Since Sumar and Podemos settled their differences with a definitive break-up in the national parliament, three regional elections have been held across the Spanish State: in Galicia, the Basque Country, and Catalonia. The results across these elections have been mixed, with none of them giving much cause for optimism. The European elections on 9 June 9 do not present a very positive scenario for the Spanish Left, either. With the campaigns not yet kicked off and the platforms still to be published, we cannot analyse their contents and promises, but the make-up of the electoral lists and alliances provide some interesting data.

Left-wing electoral alliance Sumar has put forward the director general of the Refugee Aid Commission (CEAR), Estrella Galán, at the head of its electoral list. After strenuous negotiations that seemed to have left everyone unsatisfied, the number two position went to Catalunya en Comú (Jaume Asens), the third place goes to Compromís (Vicent Marzà), Izquierda Unida (IU) holds the fourth position (Manu Pineda), Más Madrid (Andere Nieva) the fifth, and Verdes Equo the seventh (Florent Marcellesi). The latest polls predict Sumar will win between three and four seats, meaning that IU’s spot is not a sure thing.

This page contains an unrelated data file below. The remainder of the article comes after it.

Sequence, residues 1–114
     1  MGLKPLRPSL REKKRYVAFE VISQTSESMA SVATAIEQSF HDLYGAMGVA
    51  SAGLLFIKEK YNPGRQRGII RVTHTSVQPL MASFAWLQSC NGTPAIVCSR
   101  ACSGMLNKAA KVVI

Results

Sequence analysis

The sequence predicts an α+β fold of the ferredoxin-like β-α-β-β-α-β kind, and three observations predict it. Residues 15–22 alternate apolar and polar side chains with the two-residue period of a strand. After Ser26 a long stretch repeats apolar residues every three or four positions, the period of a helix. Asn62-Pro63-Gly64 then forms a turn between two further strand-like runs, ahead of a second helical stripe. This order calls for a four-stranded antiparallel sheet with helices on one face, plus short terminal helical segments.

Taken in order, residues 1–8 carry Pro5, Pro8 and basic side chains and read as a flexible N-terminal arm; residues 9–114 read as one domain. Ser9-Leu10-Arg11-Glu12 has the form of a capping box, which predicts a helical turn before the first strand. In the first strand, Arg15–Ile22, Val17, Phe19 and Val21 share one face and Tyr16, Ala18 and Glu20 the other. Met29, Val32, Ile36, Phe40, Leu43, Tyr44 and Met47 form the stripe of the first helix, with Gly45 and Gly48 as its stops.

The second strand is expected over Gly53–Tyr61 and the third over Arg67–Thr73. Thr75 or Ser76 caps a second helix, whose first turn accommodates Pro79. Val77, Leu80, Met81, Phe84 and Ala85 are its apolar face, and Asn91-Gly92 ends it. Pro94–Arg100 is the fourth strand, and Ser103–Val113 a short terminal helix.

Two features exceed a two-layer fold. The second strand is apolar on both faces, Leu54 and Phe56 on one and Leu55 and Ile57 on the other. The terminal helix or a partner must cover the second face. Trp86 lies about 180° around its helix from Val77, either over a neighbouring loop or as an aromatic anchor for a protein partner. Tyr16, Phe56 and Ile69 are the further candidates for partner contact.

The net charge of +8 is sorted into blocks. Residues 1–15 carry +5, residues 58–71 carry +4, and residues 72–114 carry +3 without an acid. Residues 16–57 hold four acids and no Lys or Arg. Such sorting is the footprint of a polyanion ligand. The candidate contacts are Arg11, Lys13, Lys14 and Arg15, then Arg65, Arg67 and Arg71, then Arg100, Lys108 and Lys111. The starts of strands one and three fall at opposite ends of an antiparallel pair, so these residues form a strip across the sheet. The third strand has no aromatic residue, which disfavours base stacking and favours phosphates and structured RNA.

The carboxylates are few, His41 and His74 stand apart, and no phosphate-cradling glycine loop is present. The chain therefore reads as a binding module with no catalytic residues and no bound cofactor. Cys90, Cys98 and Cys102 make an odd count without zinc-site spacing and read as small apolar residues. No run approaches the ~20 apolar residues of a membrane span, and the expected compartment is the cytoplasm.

The coalition that Yolanda Díaz brought together for these elections also includes other regionalist groups, such as the Chunta Aragonesista and the Partido Castellano-Tierra Comunera (PCAS-TC), which won’t win any seats but will bring in some votes.

The variety of political parties within the coalition would also be reflected in the European Parliamentary Groups they would join. Numbers two and three on the list are members of Catalunya en Comú and Compromís, respectively, parties that until now have been integrated into the Greens/European Free Alliance (Greens/EFA). Number four, Manu Pineda, is MEP for The Left in the outgoing parliament. Sumar has not yet stated which parliamentary group Estrella Galán, the head of the list, would join.